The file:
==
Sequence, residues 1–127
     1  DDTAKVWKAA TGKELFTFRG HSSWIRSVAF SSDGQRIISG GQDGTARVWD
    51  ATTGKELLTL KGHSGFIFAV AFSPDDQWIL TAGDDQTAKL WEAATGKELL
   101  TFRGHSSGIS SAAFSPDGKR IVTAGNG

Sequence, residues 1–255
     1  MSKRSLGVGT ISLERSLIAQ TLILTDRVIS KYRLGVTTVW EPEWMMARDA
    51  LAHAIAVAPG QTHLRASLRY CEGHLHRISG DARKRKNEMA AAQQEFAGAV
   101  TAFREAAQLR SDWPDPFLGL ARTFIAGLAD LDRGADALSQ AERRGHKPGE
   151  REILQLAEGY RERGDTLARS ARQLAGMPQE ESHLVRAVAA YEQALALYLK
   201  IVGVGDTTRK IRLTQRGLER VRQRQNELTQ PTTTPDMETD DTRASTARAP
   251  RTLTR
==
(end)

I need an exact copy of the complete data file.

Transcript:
Sequence, residues 1–127
     1  DDTAKVWKAA TGKELFTFRG HSSWIRSVAF SSDGQRIISG GQDGTARVWD
    51  ATTGKELLTL KGHSGFIFAV AFSPDDQWIL TAGDDQTAKL WEAATGKELL
   101  TFRGHSSGIS SAAFSPDGKR IVTAGNG

Sequence, residues 1–255
     1  MSKRSLGVGT ISLERSLIAQ TLILTDRVIS KYRLGVTTVW EPEWMMARDA
    51  LAHAIAVAPG QTHLRASLRY CEGHLHRISG DARKRKNEMA AAQQEFAGAV
   101  TAFREAAQLR SDWPDPFLGL ARTFIAGLAD LDRGADALSQ AERRGHKPGE
   151  REILQLAEGY RERGDTLARS ARQLAGMPQE ESHLVRAVAA YEQALALYLK
   201  IVGVGDTTRK IRLTQRGLER VRQRQNELTQ PTTTPDMETD DTRASTARAP
   251  RTLTR